he Kirpan is part of the Panj Kakkar (5 Ks) uniform that all initiated Sikhs are required to wear. Pronounced ‘kir-paan’. The word ‘Kirpan’ translates to ‘Mercy (kirpa) & Honour (aan)’. It is carried by all initiated Sikhs and represents a solemn obligation to uphold the safety of humankind. Initiated Sikhs are expected to be Saint-Soldiers, embodying spiritual qualities while battling injustices in the world. To call the Kirpan a knife or dagger is seen as inappropriate.

What’s the history?

Sikhs have been fighting religious fundamentalism, terrorism and state-led oppression since Sikhi was first practiced.

In April 1699, the 10th Sikh Guru established an initiation ceremony where Sikhs, who were willing to sacrifice their lives, were bestowed with the gifts of being ambassadors of compassion, justice, courage and tolerance. Initiated Sikhs were then considered to be part of the Khalsa army.

The Guru gifted the Khalsa sovereignty by declaring they are of equal status to The Guru. This is akin to the Queen giving the crown to each committed devotee. Hence, every initiated Sikh is considered part of Guru’s royal family.

Who wears one?

The 300+ year old initiation ceremony continues unaltered today, carried out by 5 Khalsas who represent the Guru. The initiation is carried out in the presence of the Sikh scriptural Guru where Sikhs (male or female) pledge to live a lifestyle of the Khalsa, as per Guru’s teachings.

Once initiated they are given a distinct uniform so that wherever the Khalsa may be, they are easily recognised - just like the police who are easily spotted in their uniform. An initiated Sikh (Khalsa) is taught that all other means must be exhausted before the Kirpan is considered. It is only to be used for the protection of those in need.

How do I get one?

To carry a Kirpan you must be initiated into the Khalsa and agree to the rules set. These include: not cutting your hair, never consuming intoxicants including alcohol and drugs, not having extra-marital affairs and not consuming ritually slaughtered meat. 5 compulsory items of the uniform are: Kes (uncut hair), Kanga (wooden comb), Kara (iron bangle), Kashera (long shorts) and the Kirpan. Khalsas should visit the Gurdwara regularly, partake in selfless service, meditation and complete prayers throughout the day. The Khalsa was created to fight oppression, uphold freedom and ensure access to basic needs for all people, so one must strive to encompass these qualities.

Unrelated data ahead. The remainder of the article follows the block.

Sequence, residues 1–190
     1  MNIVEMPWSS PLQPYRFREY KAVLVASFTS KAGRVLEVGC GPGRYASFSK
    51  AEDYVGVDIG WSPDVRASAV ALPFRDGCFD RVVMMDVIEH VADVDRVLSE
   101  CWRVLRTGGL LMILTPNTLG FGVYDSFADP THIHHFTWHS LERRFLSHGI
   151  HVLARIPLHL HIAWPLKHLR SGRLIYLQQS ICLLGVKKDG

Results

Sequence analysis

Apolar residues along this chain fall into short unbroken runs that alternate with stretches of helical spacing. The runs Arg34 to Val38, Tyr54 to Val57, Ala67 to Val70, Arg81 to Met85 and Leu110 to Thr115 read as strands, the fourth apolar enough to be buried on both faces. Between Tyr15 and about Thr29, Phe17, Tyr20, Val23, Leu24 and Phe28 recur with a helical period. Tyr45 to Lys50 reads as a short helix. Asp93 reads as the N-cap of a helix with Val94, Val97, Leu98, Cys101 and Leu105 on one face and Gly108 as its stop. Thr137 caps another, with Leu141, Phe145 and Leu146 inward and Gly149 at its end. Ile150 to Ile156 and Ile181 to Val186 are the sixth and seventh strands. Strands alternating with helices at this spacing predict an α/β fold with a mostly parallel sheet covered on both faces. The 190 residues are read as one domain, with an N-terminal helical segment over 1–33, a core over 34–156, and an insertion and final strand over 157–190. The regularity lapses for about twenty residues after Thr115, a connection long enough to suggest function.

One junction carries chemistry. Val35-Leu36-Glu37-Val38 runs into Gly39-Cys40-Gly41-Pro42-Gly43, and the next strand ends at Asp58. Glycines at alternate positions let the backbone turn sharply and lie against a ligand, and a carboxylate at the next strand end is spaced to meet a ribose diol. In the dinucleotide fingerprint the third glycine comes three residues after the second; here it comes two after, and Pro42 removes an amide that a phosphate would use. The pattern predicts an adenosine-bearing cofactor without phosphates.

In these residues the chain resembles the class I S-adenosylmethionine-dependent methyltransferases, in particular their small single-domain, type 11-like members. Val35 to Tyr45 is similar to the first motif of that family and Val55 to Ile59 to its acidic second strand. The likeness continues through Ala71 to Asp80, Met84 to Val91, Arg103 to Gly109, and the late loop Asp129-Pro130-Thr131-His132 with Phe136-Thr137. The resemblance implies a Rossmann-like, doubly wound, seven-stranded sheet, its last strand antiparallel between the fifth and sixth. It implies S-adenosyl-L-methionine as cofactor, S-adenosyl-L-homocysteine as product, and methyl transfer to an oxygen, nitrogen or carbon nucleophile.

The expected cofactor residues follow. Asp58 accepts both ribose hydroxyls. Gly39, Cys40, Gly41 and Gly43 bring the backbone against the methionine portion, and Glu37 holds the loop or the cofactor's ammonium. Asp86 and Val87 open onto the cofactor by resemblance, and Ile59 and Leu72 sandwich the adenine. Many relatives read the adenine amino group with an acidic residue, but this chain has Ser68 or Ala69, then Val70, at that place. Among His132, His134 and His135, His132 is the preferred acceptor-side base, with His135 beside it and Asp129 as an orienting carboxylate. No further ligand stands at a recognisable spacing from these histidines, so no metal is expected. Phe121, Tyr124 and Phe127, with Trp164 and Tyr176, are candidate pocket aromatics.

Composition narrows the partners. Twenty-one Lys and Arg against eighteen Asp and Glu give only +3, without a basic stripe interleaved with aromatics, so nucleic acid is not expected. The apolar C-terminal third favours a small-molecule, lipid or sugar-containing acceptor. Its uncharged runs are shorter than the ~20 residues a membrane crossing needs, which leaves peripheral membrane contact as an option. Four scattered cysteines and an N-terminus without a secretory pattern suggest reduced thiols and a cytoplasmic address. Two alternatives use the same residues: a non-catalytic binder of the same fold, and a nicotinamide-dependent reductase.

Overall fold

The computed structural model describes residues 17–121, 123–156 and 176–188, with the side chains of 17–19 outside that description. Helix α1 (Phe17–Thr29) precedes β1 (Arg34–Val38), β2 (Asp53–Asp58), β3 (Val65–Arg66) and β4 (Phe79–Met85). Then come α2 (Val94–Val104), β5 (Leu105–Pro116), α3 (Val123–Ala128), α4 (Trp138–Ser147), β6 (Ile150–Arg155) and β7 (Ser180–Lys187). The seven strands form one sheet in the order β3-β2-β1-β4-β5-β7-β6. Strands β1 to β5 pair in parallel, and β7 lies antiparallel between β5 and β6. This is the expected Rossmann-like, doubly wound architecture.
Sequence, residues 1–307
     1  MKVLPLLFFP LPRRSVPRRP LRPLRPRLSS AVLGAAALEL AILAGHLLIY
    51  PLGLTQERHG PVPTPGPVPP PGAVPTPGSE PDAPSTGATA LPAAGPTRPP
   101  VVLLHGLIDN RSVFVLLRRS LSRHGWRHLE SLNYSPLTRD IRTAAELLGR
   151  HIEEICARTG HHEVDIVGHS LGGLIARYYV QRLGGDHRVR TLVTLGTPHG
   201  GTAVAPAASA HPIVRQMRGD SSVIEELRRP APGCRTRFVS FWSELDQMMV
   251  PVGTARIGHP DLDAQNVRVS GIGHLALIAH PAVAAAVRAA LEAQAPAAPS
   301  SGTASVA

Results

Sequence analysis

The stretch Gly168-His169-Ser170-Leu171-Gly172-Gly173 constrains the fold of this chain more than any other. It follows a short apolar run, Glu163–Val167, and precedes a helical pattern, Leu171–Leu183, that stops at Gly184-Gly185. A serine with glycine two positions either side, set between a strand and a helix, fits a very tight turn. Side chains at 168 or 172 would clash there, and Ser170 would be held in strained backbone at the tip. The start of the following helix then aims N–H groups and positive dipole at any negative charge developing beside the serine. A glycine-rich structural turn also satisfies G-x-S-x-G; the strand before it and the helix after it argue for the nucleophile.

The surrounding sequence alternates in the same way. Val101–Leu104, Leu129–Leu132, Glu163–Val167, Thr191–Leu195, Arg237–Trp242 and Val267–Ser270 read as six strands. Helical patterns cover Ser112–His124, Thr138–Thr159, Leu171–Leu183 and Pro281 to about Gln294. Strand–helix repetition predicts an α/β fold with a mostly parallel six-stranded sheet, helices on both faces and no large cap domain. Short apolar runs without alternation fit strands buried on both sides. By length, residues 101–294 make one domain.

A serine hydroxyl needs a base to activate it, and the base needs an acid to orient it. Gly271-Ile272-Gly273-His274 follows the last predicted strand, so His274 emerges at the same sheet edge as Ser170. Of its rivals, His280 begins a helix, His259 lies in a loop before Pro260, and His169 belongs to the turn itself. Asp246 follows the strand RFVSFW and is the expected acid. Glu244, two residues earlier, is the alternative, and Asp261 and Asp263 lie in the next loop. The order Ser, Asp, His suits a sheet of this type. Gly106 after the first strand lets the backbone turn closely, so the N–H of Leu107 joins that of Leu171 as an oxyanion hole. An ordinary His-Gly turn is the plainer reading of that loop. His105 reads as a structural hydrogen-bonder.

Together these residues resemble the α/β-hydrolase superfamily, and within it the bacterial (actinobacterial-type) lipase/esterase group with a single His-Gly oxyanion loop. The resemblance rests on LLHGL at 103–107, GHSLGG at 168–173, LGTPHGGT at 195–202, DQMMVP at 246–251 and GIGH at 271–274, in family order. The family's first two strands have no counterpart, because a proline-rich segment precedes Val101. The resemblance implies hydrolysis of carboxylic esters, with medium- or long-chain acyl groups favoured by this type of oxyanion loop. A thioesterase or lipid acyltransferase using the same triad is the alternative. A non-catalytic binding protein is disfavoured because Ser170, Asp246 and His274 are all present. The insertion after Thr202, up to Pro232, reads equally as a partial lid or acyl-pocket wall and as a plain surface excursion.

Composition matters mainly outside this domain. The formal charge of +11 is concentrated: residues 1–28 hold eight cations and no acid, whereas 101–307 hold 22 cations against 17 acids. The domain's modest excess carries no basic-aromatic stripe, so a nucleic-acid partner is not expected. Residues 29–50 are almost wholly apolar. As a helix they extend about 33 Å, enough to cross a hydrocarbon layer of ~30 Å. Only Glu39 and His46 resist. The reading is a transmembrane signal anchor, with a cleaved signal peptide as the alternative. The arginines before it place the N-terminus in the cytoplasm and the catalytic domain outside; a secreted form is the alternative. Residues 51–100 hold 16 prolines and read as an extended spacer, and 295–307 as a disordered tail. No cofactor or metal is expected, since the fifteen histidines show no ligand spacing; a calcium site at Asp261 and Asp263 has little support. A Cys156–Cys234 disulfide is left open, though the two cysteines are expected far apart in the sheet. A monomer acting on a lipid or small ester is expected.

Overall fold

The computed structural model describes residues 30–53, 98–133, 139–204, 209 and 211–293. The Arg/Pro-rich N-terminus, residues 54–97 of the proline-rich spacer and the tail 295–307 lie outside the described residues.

What about the law?

It’s legal under the Criminal Justice Act 1988 (section 139/5/b) and Offensive Weapons Act 1996 (sections 3 & 4) for a Sikh to carry a Kirpan for religious reasons. The Criminal Justice Act 1988 safeguards the rights of Sikhs who carry a Kirpan, which is a necessary part of their religion. ‘Examples of good reasons to carry a knife or weapon in public can include [...] if it’ll be used for theatre, film, television, historical reenactment or religious purposes, for example the kirpan some Sikhs carry’ - POLICE.UK and GOV.UK

Can you wear a Kirpan during travel in UK?

‘The carriage of such items is allowed, although if the length of one exceeds specified restrictions (6cm) its carriage will be subject to operator’s consent.’ - Department for Transport.

‘The carriage of blades including Kirpans and knives less than 6cm is at the discretion of the airport manager.’ - Channel Tunnel.

‘The carriage of such items is allowed, although if the length of one exceeds specified restrictions, its carriage will be subject to the operator’s consent.’ - GOV.UK.

Does size, shape or quantity matter?

No. Kirpans come in a variety of shapes and sizes. Sikhs have their own specific martial arts (Shastar Vidiya and Gatka) which focus on handling various types of arms and will often include larger Kirpans.

But can’t someone else easily take it?

It is extremely difficult to take a Kirpan from a Khalsa as it is often kept out of sight e.g. under the clothes in a sheath on a shoulder belt called a gatra. The gatra has a specific safety strap to prevent the Kirpan ever being drawn suddenly and forcefully. It would be much easier for someone to take a knife from a restaurant or scissors from an office/school. Since all Khalsas live a Saint-Soldier lifestyle, they are expected to have adequate training in handling this kind of situation.

You can help spread the message of Sikhi to people around you by using the leaflet created by the Basics of Sikhi team.
You can also check out our other leaflets on the Downloads page.

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